Some whom I know want to become famous, or Make Their Mark, like sportsmen, others are scientists or specialists looking for something in a remote place, or sometimes, like me, there is just something about their personality that drives them to have adventures. I have never understood why I risk my life by trekking through the Amazon, or walking across the Gobi Desert with camels. I know some explorers who've had an unhappy childhood, and they've wanted to prove themselves to their parents who didn't love them, or died young. But in my case I had a happy childhood. Yet I feel "driven" - my "soul," if you like, seems to long to be out in the middle of nowhere, where I am forced to confront "nature." It's very difficult to give a good reason. But after having had one adventure, the feeling you get having succeeded against so many obstacles - eg having walked up the Skeleton Coast with camels, as I did in Namibia for instance - is so wonderful, that eventually you want to go back and try a new challenge.
Definitely. There are many more people out there - we have more time, more opportunity, more money than our forefathers did 100 years ago. Exploration used to be done by a few people who were specialists. Now adventure is much more democratic, in a sense. Anyone, with very little money, can jump on a plane and disappear into Africa. The places aren't so remote, but there are the adventures still - white-water rafting, etc...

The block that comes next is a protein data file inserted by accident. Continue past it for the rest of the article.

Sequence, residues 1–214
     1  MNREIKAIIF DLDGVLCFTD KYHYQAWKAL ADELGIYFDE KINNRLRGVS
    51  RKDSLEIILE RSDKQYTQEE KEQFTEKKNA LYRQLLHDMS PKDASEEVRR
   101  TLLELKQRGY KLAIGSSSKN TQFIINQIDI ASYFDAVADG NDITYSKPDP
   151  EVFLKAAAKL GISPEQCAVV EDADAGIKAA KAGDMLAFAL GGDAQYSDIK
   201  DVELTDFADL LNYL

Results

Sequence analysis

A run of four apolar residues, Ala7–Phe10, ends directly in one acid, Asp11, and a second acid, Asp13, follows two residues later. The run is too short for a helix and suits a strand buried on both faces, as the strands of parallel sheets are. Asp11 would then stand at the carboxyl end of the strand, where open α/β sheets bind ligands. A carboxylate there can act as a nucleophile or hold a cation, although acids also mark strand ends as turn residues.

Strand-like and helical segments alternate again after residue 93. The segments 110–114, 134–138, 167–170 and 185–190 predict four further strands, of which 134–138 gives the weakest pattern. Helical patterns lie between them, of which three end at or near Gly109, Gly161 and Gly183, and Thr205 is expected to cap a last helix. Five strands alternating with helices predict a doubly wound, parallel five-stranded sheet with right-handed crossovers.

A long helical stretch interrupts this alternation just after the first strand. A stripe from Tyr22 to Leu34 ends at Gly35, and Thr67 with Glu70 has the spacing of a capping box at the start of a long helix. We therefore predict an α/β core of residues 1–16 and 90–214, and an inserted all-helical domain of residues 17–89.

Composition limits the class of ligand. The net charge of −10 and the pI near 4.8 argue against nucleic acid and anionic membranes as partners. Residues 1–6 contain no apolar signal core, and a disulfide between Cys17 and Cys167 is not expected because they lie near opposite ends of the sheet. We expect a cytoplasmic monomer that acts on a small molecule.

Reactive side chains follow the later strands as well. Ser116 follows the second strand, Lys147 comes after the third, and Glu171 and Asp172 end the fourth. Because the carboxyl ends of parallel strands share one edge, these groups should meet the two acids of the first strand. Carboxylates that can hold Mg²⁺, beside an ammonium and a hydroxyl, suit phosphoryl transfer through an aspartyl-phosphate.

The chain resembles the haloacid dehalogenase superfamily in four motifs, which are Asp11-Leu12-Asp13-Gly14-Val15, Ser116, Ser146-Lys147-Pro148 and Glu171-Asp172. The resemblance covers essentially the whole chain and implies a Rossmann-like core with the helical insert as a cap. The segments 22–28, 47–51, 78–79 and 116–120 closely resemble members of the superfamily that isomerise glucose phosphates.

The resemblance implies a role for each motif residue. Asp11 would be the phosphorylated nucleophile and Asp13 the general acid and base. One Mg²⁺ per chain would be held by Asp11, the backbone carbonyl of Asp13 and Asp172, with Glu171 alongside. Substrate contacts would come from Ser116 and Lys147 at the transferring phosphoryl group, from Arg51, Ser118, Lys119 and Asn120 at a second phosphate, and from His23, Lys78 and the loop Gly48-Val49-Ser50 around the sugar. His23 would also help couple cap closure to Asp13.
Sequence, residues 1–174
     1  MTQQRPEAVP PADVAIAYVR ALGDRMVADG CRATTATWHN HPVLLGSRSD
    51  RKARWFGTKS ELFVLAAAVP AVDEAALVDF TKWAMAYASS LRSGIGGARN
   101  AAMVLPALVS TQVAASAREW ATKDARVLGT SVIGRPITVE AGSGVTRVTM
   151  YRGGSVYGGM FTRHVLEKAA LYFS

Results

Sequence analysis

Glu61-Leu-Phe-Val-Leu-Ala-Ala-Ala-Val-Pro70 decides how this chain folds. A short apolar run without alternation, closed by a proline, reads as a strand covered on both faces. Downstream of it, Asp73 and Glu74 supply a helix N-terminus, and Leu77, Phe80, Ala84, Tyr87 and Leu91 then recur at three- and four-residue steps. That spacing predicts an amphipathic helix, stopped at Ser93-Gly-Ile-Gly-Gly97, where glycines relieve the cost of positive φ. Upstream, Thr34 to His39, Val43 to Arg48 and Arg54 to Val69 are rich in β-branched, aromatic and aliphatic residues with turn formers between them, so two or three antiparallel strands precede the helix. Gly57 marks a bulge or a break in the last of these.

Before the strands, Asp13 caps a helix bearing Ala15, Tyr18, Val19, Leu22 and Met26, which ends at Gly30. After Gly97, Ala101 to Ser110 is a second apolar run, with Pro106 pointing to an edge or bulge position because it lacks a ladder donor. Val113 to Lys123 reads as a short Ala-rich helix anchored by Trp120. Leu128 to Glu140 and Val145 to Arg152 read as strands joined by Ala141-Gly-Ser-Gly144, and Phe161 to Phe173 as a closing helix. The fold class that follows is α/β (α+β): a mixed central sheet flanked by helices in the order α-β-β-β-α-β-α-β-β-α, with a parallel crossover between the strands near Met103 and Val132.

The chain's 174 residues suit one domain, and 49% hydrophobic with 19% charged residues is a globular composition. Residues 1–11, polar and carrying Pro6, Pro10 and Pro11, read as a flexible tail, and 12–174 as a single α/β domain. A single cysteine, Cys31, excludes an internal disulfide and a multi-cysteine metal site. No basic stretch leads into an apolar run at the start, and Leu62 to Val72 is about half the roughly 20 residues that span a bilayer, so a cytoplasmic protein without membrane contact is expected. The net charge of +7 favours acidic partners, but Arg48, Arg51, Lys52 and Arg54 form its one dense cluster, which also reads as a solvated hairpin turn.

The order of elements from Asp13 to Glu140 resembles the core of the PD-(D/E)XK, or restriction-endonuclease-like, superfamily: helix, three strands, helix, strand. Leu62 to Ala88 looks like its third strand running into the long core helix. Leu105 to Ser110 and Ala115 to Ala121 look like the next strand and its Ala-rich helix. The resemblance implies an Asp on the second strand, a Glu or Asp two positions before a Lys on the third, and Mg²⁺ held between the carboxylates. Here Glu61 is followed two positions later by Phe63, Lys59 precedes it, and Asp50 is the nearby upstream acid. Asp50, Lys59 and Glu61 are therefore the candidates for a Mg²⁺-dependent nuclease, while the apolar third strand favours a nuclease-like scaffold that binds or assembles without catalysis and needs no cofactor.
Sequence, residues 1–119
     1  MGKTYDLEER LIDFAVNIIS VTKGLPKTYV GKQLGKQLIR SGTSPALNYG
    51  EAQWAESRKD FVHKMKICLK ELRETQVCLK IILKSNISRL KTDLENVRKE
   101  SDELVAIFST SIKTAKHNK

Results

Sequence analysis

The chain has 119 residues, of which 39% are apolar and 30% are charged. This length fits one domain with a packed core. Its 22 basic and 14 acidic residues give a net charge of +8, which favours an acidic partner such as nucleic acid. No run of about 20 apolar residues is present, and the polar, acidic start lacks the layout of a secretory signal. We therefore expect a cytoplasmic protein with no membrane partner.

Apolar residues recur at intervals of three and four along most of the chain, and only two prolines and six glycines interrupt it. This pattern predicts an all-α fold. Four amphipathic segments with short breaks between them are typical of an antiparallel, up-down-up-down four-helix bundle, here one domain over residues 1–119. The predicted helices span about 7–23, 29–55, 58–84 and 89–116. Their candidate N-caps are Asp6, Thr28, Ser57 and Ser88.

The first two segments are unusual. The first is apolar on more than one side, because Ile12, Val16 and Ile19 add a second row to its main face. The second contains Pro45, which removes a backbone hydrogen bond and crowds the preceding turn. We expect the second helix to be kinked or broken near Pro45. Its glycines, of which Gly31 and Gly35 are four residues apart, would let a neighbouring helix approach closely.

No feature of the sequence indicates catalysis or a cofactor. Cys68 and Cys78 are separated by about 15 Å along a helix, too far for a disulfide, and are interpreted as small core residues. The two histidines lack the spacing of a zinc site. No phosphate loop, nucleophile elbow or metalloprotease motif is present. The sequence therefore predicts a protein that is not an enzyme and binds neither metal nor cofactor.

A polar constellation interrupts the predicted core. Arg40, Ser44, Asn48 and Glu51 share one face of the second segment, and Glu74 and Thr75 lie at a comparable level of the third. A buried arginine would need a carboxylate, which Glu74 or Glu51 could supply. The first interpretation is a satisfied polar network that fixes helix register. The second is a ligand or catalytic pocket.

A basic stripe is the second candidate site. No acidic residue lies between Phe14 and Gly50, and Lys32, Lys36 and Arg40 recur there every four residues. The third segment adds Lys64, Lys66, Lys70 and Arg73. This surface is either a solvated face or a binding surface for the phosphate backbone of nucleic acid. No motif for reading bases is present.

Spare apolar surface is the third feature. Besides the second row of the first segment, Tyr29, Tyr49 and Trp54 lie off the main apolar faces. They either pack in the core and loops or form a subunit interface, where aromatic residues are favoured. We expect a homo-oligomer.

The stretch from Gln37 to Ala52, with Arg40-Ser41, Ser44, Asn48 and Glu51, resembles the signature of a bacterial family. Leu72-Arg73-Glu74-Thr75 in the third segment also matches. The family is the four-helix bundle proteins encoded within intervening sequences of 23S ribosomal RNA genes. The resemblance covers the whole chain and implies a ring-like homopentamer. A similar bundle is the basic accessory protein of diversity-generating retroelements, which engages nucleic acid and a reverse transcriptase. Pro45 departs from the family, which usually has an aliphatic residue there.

Maybe 6-7 times I've almost died. On my first journey, after I set out aged 22, for example – and not just when I stumbled out of the forest alone at the end. I took a lot of risks on the trip – and was essentially out of control much of the time. The locals looked after me – but I was relying, in my innocence, on luck. Looking back, I'd never do it again, even with all my experience! Looking back on my career generally, I've obviously had to think about what my life means to me a lot, and what I want to do with it. Effectively, I've now got a career as an adventurer, so in that broader sense as well my journeys have changed my life. But most of the changes to my life have been gradual - it hasn't been about the terrible moments, being lost in the jungles of the Amazon, it's been the rest of the time, when I've just had to learn to be patient, sitting in remote Indian villages, or learning over many weeks to handle camels. This is what being an adventurer is all about - not falling off a cliff (as I did in the Arctic) or being shot at by drug barons (as I was in the Amazon) but learning to adapt to a different world, so you are better prepared for whatever happens next.